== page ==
From The Sex Pistols to The Simpsons, 'The Crown' and James Bond films, the instantly recognizable image of Queen Elizabeth II has been used in popular culture throughout throughout her reign.
Some did it fondly, others scratched it, but Her Majesty's omnipresence in art, music and cinema underlined the place it occupied in popular imagery.
God Save The Queen
The cover for the Sex Pistols' 1977 single 'God Save The Queen', featuring the queen's face, eyes and mouth hidden beneath the title and band name , is one of the most famous images of the punk movement… but also of Elizabeth II.
Artist Jamie Reid also created a version representing the monarch with a safety pin on her lip and swastikas in place of pupils.
Many other songs have been written about the queen, including 'Elizabeth My Dear' (1989) by the band alternative rock album The Stone Roses, in which they claimed that they “will know no rest until she loses her throne”.
In 2005, the British electronic music group Basement Jaxx depicted a sassy monarch going out at night in London, visiting a strip club and even coming to blows, in the clip “You Do Not Know Me”. p>
The queen posed for more than 175 portraits during her reign. Artists such as Cecil Beaton, Lucien Freud and Annie Leibovitz depicted her in her finest attire, at work or with her family.
But the best known are undoubtedly those made by the pop art pope, Andy Warhol, in 1985, as part of a series on the queens reigning at the time.
The American artist has used an official photograph that he personalized, as he also did for Marilyn Monroe.
As seen on TV
Instantly recognizable with her brightly colored outfits, the Queen has been a cartoon character and has also appeared in television shows and films.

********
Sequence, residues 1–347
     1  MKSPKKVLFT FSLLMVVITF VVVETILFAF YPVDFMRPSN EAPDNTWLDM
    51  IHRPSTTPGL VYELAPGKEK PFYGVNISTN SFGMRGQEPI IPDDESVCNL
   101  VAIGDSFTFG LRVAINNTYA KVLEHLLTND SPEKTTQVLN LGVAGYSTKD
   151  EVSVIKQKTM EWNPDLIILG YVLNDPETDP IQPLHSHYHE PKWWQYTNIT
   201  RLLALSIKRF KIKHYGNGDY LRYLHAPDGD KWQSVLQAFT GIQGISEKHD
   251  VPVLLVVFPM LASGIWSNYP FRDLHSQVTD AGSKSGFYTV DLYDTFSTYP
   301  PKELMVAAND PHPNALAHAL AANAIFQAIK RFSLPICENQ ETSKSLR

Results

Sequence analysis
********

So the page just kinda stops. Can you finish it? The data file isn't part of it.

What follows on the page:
Her Majesty has appeared on the American series several times “The Simpsons”, notably in an episode where the main character, Homer, stamps his carriage at Buckingham Palace.
In the children's cartoon “Peppa Pig”, the monarch jumps in puddles of mud. His character also appears in the films “The Minions” (2015), “Austin Powers in Goldmember” (2002) or “Is there a cop to save the queen?” (1988), where she is played by Jeanette Charles, her most famous British look-alike.
While the Queen has rarely given interviews, her life has been featured in films, plays and TV shows.
In “The King's Speech” (2010), an Oscar-winning film about her father King George VI's fight to overcome his stuttering, we see her as a child, while in “The Queen” (2006), Elizabeth II, played by Helen Mirren, faces the wrath of her subjects after the 1997 death of her stepdaughter, Princess Diana.
But it was Netflix's hit series 'The Crown' that chronicled the in more detail about the Queen's life and her relationship with her husband Philip, featuring marital disputes, scandals and political crises.
After years of having her image hijacked, the Queen herself took on the lead in 2012 by participating in a skit on the occasion of the opening ceremony of the London Olympics.
We see her surrounded by her beloved corgis at Buckingham Palace where she receives James Bond, played by Daniel Craig. “Good evening, Mr Bond,” she said to him, before the couple pretended to get into a helicopter, fly over London and finally parachute into the Olympic Stadium.
In 2016, Elizabeth II also gave the reply to her grandson Prince Harry, in a video featuring former US President Barack Obama, to promote the Invictus Games, an international event created by Harry for wounded soldiers, at the image of the Olympic Games.
The Queen had reserved a surprise for her subjects in June for the celebrations of the 70th anniversary of her reign, during of the platinum jubilee: she had shot a short video where we see her having tea with Paddington Bear, a clumsy icon of British children's literature.
She then beat time with a silver spoon on her porcelain cup, synchronized with the opening of a concert g éant that opened in front of Buckingham palace.
Rob Wilson has been a reporter on the news desk since 2013. Before that she wrote about young adolescence and family dynamics for Styles and was the legal affairs correspondent for the Metro desk. Before joining The Gal Times, Rob wilson worked as a staff writer at the Village Voice and a freelancer for Newsday, The Wall Street Journal, GQ and Mirabella. To get in touch, contact me through my firstname.lastname@example.org 1-800-268-7128